The new Bill: handling sexual harassment in the workplace

What matters

What matters next

According to a recent TUC poll of over 1,000 women, 58% have experienced sexual harassment, bullying or verbal abuse at work, with the perpetrator in 39% of most recent instances of harassment being a third party. Clearly, this needs to change.

Harassment is still an issue at work

As a result of the findings from the poll, the TUC is supporting the Worker Protection (Amendment of Equality Act 2010) Bill 2022-23 which is currently passing through Parliament. The Bill, which started as a Private Member’s Bill but which subsequently received government support, seeks to introduce a duty on employers to tackle sexual harassment in the workplace as well as protecting workers from harassment and abuse from third parties, such as customers or clients. 

What is sexual harassment?

Sexual harassment consists of unwanted conduct of a sexual nature that violates the victim’s dignity or creates an intimidating, hostile, degrading, humiliating or otherwise offensive environment for the victim (section 26 of the Equality Act 2010). 

Maria Caulfield, Minister for Women, emphasised in the Bill’s committee stages that “[o]ne person’s banter is another person’s harassment, and we need to be mindful of that”.

Behaviour that could constitute sexual harassment includes:

  • Flirting or making sexual comments about an individual;
  • Sexually inappropriate/offensive jokes; and
  • Displaying sexual/ pornographic images.

With hybrid working becoming the new norm for many, it is important to note that sexual harassment in the workplace is not necessarily confined to the physical office environment. A survey conducted by charity Rights of Women (2021) revealed that:

  • Nearly 1 in 2 women who have experienced sexual harassment at work experienced it online; and
  • 15% of women who have experienced sexual harassment at work reported an increase in online harassment while working from home during the pandemic.

Employers should be mindful of the impact that remote or hybrid working may have on their employees and consider whether their sexual harassment policies and procedures appropriately address any issues posed by these working arrangements.

The Worker Protection (Amendment of Equality Act 2010) Bill

The Bill seeks to enhance the obligations placed upon employers and would introduce a proactive duty on employers to take reasonable steps to prevent sexual harassment in the workplace. The onus is on the employer to prove they have taken reasonable steps.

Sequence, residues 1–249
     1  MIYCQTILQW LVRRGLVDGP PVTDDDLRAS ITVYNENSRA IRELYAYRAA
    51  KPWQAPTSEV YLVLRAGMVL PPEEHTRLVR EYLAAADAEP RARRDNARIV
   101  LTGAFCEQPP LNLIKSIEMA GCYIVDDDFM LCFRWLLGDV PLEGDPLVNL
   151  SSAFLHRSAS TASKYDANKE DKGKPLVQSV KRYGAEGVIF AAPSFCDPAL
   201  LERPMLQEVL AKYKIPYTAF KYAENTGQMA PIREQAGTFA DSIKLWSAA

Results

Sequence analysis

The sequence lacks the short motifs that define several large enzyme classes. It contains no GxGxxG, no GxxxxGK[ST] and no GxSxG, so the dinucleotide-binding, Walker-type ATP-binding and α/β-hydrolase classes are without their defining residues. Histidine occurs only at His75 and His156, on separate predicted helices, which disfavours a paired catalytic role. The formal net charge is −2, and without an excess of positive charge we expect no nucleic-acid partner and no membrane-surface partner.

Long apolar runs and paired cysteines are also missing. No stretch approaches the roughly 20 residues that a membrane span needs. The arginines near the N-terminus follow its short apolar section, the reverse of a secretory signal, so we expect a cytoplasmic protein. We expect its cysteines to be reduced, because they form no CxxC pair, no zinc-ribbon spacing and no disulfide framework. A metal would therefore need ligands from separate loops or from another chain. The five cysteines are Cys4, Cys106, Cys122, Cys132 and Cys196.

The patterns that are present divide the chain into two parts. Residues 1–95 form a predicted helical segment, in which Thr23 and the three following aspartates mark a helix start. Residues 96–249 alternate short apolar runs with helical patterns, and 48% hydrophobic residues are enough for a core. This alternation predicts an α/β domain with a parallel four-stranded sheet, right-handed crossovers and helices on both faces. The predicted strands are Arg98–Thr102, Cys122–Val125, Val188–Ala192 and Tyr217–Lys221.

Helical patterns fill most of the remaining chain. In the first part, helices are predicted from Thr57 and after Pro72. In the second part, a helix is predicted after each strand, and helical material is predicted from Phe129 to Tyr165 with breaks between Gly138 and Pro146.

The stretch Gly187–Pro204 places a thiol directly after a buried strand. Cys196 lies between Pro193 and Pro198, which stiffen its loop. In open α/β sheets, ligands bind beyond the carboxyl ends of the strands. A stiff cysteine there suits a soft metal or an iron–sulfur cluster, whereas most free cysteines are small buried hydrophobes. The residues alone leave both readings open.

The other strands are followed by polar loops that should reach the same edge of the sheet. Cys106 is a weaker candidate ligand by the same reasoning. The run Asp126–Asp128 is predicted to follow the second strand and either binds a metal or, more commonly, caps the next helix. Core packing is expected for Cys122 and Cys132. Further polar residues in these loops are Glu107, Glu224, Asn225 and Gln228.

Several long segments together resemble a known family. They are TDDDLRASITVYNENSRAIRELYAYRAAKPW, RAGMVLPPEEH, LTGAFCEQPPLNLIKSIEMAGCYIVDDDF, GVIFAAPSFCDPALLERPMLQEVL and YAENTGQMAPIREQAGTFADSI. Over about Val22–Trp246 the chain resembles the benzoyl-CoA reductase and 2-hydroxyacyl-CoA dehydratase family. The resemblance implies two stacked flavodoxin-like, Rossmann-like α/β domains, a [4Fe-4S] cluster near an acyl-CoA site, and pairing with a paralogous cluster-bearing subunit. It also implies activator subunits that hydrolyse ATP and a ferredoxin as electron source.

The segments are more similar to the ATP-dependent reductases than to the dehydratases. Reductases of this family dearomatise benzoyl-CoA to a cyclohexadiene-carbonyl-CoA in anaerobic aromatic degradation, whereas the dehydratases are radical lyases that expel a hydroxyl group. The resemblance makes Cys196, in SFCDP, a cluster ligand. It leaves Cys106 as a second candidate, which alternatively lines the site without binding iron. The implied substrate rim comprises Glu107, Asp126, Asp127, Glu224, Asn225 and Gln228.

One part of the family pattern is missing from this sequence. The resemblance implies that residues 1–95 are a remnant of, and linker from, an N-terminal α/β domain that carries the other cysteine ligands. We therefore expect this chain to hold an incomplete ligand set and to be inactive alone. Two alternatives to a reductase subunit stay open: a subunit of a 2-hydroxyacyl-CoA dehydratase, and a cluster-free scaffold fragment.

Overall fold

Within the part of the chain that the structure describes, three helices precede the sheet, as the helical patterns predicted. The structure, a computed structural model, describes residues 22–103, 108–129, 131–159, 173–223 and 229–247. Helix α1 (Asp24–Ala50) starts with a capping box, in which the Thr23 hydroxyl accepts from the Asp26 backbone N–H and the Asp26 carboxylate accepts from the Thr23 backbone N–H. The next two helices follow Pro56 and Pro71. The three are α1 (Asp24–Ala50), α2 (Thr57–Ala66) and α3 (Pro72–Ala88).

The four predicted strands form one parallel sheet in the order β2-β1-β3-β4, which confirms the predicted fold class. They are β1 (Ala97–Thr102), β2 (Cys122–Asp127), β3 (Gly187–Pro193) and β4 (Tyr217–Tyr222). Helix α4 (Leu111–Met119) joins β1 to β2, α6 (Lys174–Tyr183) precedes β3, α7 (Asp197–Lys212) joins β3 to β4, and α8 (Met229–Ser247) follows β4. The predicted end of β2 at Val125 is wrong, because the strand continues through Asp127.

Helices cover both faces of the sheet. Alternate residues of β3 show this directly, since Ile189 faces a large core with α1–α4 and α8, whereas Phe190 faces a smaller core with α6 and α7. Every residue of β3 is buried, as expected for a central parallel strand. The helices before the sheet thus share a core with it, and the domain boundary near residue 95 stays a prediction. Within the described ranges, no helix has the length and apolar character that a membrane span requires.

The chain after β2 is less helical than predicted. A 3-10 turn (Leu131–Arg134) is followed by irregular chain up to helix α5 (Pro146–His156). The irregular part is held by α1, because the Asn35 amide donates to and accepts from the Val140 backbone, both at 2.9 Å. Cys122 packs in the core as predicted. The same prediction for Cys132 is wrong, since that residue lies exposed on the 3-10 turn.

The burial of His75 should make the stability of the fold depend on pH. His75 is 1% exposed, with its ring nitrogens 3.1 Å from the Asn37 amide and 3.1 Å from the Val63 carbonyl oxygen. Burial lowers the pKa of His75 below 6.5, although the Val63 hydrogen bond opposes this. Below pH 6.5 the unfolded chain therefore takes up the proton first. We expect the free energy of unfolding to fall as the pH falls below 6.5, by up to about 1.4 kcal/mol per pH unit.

This change would be supported by a compensation uplift of up to 25% in cases where the Employment Tribunal finds that sexual harassment has occurred, and the employer has failed in their duty. 

These developments in employer liability are bolstered by the proposed re-introduction of protection against third party harassment; the Bill extends employers’ liability to include harassment of an employee in the course of their employment from third parties, such as a customer or client, where the employer has failed to take all reasonable steps to prevent that harassment. Importantly, for employers, other than in cases of sexual harassment, an employer will not be taken to take failed to take all reasonable steps where the harassment involves a conversation which the employee is not a participant of, or where there is an expression of an opinion which is not indecent or grossly offensive, and, the harassment is not intentional. 

Although the Bill had its second reading in the House of Lords on 24 March 2023, it has subsequently been reported that ministers may have withdrawn their support for the Bill. Whether the Bill actually becomes law therefore remails to be seen. That said, protecting employees at work should be a priority for employers whether or not the Bill is passed.

Handling sexual harassment in the workplace

It is essential that employees have (and are aware of their) avenues for reporting incidents of harassment and sexual harassment, whether they relate to in-person or virtual incidents.

Employers should handle all complaints seriously, with care and sensitivity. While complaints may be resolved informally, this may be inappropriate in serious situations and a formal process may be required. If an employee brings a grievance, the employer must adhere to their grievance policy and ensure they follow a thorough and fair procedure. 

Employers should consider implementing policies and procedures for specifically handling complaints and grievances of this nature. For instance, it would be good practice to introduce (or review any existing) anti-harassment policy. The policy should adopt a zero-tolerance stance on sexual harassment, emphasising that sexual harassment is unlawful. Relevant employees, such as managers and HR personnel, should receive training to ensure the policies are followed and utilised as intended. 

The Bill emphasises the importance of employers being proactive in preventing sexual harassment in the workplace; a proactive approach is just as significant as a robust reactive response. Employers should consider the ways in which they can foster an open and communicative work environment that is conducive to proactivity. This culture can encourage employees to speak up, raise their concerns and assist employers in their duty to take a proactive approach to tackle sexual harassment in the workplace. 


This information is for educational purposes only and does not constitute legal advice. It is recommended that specific professional advice is sought before acting on any of the information given. © Shoosmiths LLP 2024.


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